Tuesday, September 17, 2013
Steelers’ run game grinds to halt
By Scott Brown
CINCINNATI -- Quarterback Ben Roethlisberger delivered a pointed message in a locker room where the quiet reflected the Steelers' first 0-2 start since 2002: Look in the mirror for answers before looking anywhere else.
Roethlisberger actually told his teammates to point thumbs instead of fingers. And nothing could have been more apropos, since the Steelers' offense was pretty much all thumbs again, this time on national TV in a 20-10 loss to the Bengals.
Roethlisberger had trouble with his accuracy, his wideouts had trouble getting open and his offensive coordinator called a reverse for a 31-year old possession receiver.
The Steelers' ground game, meanwhile, again was missing in action. And forget for a second that an offensive line that has supposedly been fortified through recent drafts didn't create a whole lot of running room. Steelers running backs managed just 13 yards after contact on 16 carries, according to ESPN Stats & Information.
Felix Jones and the Steelers' running game struggled in Cincinnati, gaining just 44 yards with an average of 2.8 yards per carry.
Following another abysmal showing by the offense, at least one member of the offensive line pointed a finger, although right tackle Marcus Gilbert wasn't pointing at his teammates.
Gilbert took issue with a tripping call at a critical juncture of the game. It came early in the second half after Roethlisberger hit Antonio Brown in stride with a third-down pass that eventually covered 33 yards.
Gilbert took out a Bengals defender when he went tumbling to the turf at Paul Brown Stadium, but he said there was no intent. Therefore, Gilbert said, there should not have been a penalty called.
"That's a shame," Gilbert said. "They were getting tired, frustrated. They were walking around and we thought we had them. It was an awful call."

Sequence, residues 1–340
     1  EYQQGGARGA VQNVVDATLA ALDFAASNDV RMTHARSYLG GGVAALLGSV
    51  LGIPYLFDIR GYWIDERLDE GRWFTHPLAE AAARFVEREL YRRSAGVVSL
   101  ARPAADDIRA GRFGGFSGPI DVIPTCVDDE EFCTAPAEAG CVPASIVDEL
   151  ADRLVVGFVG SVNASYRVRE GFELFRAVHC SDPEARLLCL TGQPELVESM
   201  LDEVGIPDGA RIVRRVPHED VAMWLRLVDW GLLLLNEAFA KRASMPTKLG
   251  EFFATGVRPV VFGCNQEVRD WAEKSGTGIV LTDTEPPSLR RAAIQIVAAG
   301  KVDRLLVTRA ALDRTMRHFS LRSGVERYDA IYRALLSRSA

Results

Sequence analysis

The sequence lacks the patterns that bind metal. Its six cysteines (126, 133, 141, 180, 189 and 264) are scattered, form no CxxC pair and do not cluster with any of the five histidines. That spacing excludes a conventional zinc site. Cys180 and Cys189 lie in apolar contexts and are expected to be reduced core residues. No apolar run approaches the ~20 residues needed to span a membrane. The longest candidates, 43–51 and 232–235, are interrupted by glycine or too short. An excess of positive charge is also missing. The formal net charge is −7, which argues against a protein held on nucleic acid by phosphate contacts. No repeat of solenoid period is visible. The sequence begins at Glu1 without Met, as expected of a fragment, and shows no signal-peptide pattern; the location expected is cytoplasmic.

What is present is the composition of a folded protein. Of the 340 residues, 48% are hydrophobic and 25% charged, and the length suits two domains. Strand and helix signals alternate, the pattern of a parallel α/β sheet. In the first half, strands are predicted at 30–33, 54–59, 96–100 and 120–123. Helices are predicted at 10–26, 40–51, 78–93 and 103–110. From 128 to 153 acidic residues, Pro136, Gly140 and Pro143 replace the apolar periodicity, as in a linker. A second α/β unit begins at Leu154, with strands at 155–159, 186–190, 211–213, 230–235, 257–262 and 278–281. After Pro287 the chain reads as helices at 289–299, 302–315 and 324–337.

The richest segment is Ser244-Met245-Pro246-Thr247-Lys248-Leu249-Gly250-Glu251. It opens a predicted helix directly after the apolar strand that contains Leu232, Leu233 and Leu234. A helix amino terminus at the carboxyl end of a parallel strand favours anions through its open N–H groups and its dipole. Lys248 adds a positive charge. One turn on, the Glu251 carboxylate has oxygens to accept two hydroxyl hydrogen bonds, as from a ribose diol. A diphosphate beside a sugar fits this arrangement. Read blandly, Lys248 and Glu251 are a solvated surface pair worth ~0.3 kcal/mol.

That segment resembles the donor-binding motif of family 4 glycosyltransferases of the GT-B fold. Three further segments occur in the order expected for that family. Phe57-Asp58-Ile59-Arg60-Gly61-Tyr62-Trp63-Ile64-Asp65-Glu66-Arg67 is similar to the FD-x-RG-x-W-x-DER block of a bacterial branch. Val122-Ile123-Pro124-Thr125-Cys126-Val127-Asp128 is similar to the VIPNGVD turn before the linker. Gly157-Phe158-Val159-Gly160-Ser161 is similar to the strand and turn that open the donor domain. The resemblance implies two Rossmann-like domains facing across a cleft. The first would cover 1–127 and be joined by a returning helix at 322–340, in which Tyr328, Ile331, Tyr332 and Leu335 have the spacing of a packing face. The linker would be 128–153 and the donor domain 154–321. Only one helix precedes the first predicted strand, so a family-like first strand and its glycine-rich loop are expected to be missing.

Whether the call stunk or not, Gilbert's claim of how drastically the penalty changed the complexion of the game is legitimate.
The Steelers had tied the game at the end of the first half, with Roethlisberger looking like his old self in directing a five-play, 65-yard touchdown drive.
The defense did its job after halftime, forcing a three-and-out. Soon after a Bengals punt, Brown made a couple of nifty moves after hauling in Roethlisberger's third-and-10 pass near midfield.
He got run out of bounds at the Bengals' 30-yard line, but the Gilbert penalty brought it all the way back to the Steelers' 27. The Steelers' offense was scarcely heard from again the rest of the night.
"That's a big play," Roethlisberger said after throwing for 251 yards, one touchdown and one interception. "We've got all the momentum in the world going there and next thing you know you're backed up."
The thing is, the Steelers owned the Bengals for years in Cincinnati -- and were a consistent Super Bowl contender -- because they always found a way to overcome bad breaks like that.
That hasn't been the case going back to last season, when the Steelers lost five games by three points, including one to the Bengals that knocked them out of playoff contention.
Whether the Steelers have lost their mojo isn't the issue as much as their talent, particularly on the offensive side of the ball.
A unit that has been the worst in the NFL this side of Jacksonville will get some much-needed reinforcements when tight end Heath Miller and running back Le'Veon Bell return from their respective injuries.
But for those who think Bell will be a cure-all for the Steelers' sickly run game, consider that his next carry will be his first in the NFL.
It is one thing to run all over Iowa and quite another to run against AFC North teams.
Until Bell does the latter -- and the second-round pick will be given every opportunity to do so once his mid-foot sprain has fully healed -- it can't be assumed he will save the running game.
It might be up to the line to do that, and lift the offense as a whole.
Not too long ago, some Steeler fans all but accused general manager Kevin Colbert of negligence for not making the offensive line more of a priority in the draft.
Since 2010, the Steelers have used two first-round picks and two second-round picks on offensive linemen. And yet they still haven't had anything close to a dominant offensive line during coach Mike Tomlin's seven-year tenure.
The Steelers caught a bad break when Pro Bowl center Maurkice Pouncey (first-round pick in 2010) went down with a season-ending knee injury. But now more than ever, they need a serious return on the investment they have made in their offensive line.
And they need it sooner rather than later.
When asked how the Steelers can win up front more frequently moving forward, right guard and 2012 first-round pick David DeCastro said, "Keep grinding and don't feel sorry for yourselves and just get better. [Pointing fingers] is the worst thing you can do."
That is one thing the Steelers haven't done, and it starts with Tomlin.
"I believe honestly that the answers are still in that room," Tomlin said.